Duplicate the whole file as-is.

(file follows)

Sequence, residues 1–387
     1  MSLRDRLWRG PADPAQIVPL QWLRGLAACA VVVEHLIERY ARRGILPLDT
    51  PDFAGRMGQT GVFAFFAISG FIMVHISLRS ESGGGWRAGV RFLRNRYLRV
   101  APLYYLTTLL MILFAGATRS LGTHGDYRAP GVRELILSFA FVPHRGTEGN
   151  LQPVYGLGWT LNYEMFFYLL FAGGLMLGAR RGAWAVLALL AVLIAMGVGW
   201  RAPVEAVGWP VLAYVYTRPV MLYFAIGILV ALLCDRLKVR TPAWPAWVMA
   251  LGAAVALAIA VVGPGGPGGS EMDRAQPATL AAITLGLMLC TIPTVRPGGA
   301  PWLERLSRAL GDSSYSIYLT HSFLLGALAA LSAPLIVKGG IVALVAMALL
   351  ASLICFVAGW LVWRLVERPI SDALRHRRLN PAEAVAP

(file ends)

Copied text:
Sequence, residues 1–387
     1  MSLRDRLWRG PADPAQIVPL QWLRGLAACA VVVEHLIERY ARRGILPLDT
    51  PDFAGRMGQT GVFAFFAISG FIMVHISLRS ESGGGWRAGV RFLRNRYLRV
   101  APLYYLTTLL MILFAGATRS LGTHGDYRAP GVRELILSFA FVPHRGTEGN
   151  LQPVYGLGWT LNYEMFFYLL FAGGLMLGAR RGAWAVLALL AVLIAMGVGW
   201  RAPVEAVGWP VLAYVYTRPV MLYFAIGILV ALLCDRLKVR TPAWPAWVMA
   251  LGAAVALAIA VVGPGGPGGS EMDRAQPATL AAITLGLMLC TIPTVRPGGA
   301  PWLERLSRAL GDSSYSIYLT HSFLLGALAA LSAPLIVKGG IVALVAMALL
   351  ASLICFVAGW LVWRLVERPI SDALRHRRLN PAEAVAP